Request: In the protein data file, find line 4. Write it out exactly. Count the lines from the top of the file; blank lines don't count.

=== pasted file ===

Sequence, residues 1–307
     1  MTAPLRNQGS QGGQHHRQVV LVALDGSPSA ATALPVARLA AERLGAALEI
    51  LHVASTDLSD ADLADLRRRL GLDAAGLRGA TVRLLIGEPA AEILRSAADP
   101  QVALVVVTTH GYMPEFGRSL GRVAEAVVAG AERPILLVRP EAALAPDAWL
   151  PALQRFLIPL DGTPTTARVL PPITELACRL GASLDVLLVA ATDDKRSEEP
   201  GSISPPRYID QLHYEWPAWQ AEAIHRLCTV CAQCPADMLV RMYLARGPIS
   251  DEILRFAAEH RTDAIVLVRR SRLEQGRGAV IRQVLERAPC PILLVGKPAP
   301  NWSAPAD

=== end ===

   101  QVALVVVTTH GYMPEFGRSL GRVAEAVVAG AERPILLVRP EAALAPDAWL